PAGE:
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Flexible sensor-integrated needle leads to smarter medical treatment

25 October 2021

Researchers at KAIST (Korea Advanced Institute of Science and Technology) have designed a thin polymeric sensor platform on a radiofrequency ablation needle to monitor temperature and pressure in real time.

(Schematic illustrations of the sensor-integrated RFA needle. Credit: KAIST)
(Schematic illustrations of the sensor-integrated RFA needle. Credit: KAIST)

The sensors have been integrated onto 1.5mm diameter needle tip and have already proven their efficacy during clinical tests. They are expected to provide a new opportunity for safer and more effective medical practices. The research was reported in Advanced Science as the frontispiece on August 5.

Radiofrequency ablation (RFA) is a minimally invasive surgery technique for removing tumours and treating cardiovascular disease. During a procedure, an unintended audible explosion called ‘steam pop’ can occur due to the increased internal steam pressure in the ablation region. This phenomenon has been cited as a cause of various negative thermal and mechanical effects on neighbouring tissue. Even more, the relationship between steam pop and cancer recurrence is still being investigated. 

Professor Inkyu Park said that his team’s integrated sensors reliably detected the occurrence of steam pop. The sensors also monitor rapidly spreading hot steam in tissue. It is expected that the diverse properties of tissue undergoing RFA could be checked by utilising the physical sensors integrated on the needle. 

“We believe that the integrated sensors can provide useful information about a variety of medical procedures and accompanying environmental changes in the human body, and help develop more effective and safer surgical procedures,” said Professor Park.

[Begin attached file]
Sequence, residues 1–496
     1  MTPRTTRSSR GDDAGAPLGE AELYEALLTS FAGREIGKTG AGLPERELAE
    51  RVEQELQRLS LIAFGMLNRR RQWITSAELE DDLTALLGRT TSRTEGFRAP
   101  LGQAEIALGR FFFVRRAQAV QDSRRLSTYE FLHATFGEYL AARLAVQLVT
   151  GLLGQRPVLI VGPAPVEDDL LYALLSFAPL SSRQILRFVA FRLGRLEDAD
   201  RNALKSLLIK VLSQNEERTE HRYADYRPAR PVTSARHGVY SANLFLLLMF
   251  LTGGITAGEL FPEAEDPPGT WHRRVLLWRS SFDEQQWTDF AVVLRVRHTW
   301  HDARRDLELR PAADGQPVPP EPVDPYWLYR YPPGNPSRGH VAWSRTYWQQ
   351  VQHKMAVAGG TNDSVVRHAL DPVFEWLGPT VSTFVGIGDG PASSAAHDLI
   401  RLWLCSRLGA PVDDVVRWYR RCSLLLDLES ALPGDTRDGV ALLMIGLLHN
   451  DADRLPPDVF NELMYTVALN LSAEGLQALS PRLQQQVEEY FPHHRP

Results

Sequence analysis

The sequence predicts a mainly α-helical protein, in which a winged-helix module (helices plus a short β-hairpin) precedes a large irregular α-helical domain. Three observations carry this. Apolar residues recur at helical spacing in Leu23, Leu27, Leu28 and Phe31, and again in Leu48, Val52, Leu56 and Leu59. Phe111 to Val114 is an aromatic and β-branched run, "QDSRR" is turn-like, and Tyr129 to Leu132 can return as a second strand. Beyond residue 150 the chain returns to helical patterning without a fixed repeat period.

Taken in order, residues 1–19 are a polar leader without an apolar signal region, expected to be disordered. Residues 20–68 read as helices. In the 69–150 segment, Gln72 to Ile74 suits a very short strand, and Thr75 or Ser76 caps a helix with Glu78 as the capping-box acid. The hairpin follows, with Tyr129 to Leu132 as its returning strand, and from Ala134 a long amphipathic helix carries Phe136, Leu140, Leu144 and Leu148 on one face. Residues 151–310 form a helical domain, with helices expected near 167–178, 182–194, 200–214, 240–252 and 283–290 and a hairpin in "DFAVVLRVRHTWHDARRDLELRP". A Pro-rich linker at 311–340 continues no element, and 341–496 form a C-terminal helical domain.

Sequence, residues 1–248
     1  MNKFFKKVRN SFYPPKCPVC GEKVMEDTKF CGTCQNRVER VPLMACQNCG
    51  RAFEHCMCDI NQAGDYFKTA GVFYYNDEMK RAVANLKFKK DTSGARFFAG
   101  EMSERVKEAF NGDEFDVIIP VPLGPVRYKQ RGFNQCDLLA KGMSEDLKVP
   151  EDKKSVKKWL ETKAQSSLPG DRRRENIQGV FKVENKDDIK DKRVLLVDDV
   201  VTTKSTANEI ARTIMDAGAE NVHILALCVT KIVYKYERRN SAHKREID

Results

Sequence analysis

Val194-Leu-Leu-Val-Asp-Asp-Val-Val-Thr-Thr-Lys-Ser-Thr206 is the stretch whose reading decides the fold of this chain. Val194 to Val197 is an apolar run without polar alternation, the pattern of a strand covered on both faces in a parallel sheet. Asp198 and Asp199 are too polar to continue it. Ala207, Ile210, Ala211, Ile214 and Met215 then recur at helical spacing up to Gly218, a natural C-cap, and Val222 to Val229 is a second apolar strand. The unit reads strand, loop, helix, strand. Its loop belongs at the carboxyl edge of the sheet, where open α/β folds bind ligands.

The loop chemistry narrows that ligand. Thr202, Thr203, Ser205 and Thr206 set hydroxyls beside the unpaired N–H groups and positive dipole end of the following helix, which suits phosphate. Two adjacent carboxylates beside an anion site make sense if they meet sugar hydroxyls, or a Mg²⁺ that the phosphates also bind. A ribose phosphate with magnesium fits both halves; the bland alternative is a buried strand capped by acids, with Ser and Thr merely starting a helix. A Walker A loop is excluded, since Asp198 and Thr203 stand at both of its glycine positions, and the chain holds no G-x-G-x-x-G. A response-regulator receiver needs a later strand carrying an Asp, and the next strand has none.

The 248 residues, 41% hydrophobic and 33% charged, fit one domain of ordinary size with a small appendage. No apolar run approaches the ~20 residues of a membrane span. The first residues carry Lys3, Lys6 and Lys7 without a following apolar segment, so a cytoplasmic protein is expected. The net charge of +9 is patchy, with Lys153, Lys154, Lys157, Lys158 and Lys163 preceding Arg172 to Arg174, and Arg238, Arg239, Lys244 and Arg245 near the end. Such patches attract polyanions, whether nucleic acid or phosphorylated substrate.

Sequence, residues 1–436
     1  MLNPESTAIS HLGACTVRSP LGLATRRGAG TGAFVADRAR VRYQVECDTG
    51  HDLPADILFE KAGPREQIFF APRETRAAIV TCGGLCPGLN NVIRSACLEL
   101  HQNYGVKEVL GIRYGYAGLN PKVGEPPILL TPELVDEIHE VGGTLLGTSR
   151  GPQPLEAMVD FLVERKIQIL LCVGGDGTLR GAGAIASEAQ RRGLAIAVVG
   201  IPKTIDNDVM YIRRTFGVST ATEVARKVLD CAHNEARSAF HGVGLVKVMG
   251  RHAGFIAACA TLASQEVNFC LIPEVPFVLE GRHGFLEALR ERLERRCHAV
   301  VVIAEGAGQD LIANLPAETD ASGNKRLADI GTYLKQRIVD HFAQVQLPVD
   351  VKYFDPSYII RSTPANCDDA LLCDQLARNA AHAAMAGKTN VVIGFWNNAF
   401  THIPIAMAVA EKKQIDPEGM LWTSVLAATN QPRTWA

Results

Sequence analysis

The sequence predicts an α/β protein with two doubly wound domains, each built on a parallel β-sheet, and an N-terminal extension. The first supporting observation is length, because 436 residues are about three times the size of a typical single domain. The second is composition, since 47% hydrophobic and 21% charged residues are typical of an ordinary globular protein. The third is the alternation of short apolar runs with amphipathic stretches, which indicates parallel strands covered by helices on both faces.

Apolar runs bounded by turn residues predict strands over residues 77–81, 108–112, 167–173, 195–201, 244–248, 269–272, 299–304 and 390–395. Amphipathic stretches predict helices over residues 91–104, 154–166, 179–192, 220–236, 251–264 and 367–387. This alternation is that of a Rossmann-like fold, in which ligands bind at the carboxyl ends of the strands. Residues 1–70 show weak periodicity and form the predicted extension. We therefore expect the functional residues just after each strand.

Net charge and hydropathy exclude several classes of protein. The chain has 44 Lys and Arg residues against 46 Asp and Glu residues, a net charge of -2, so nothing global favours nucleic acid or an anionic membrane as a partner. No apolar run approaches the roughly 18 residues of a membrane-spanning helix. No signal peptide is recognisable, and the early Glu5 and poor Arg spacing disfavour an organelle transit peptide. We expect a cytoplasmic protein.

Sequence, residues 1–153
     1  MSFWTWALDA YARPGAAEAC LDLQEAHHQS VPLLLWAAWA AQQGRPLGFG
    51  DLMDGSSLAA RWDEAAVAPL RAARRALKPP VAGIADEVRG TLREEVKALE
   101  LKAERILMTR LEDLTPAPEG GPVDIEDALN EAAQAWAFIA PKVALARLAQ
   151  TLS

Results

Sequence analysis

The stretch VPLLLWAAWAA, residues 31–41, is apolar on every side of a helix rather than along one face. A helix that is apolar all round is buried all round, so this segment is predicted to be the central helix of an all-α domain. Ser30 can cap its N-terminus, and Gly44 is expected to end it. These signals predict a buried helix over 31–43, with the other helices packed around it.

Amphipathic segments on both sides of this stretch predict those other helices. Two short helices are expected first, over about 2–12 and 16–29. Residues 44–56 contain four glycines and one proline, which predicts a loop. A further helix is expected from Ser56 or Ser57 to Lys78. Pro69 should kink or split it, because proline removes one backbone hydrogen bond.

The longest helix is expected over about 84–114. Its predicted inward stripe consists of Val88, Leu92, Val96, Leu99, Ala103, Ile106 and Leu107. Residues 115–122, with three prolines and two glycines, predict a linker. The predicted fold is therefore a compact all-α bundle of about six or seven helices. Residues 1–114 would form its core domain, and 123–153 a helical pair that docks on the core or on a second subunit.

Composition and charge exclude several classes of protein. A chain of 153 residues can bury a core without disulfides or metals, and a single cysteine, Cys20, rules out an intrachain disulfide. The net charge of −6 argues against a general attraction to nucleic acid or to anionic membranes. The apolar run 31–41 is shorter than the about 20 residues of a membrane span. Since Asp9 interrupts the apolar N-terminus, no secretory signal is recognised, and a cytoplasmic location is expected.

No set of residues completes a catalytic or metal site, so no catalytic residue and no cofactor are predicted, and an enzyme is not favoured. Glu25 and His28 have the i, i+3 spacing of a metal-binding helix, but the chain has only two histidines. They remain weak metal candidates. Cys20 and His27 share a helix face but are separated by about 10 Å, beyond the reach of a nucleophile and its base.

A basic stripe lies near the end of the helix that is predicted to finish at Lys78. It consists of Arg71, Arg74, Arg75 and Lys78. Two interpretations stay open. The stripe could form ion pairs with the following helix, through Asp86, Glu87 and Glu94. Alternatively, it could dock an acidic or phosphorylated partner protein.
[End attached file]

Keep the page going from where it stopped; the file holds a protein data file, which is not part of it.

Professor Park’s team built a thin film type pressure and temperature sensor stack with a thickness of less than 10 µm using a microfabrication process. For the pressure sensor, the team used contact resistance changes between metal electrodes and a carbon nanotube coated polymeric membrane. The entire sensor array was thoroughly insulated with medical tubes to minimise any exposure of the sensor materials to external tissue and maximise its biocompatibility.

During the clinical trial, the research team found that the accumulated hot steam is suddenly released during steam pops and this hot air spreads to neighbouring tissue, which accelerates the ablation process. Furthermore, using in-situ ultrasound imaging and computational simulations, the research team could confirm the non-uniform temperature distribution around the RFA needle can be one of the primary reasons for the steam popping.

Professor Park explained that various physical and chemical sensors for different targets can be added to create other medical devices and industrial tools.

“This result will expand the usability and applicability of current flexible sensor technologies. We are also trying to integrate this sensor onto a 0.3mm diameter needle for in-vivo diagnosis applications and expect that this approach can be applied to other medical treatments as well as the industrial field,” added Professor Park. 

This study was supported by the National Research Foundation of Korea.

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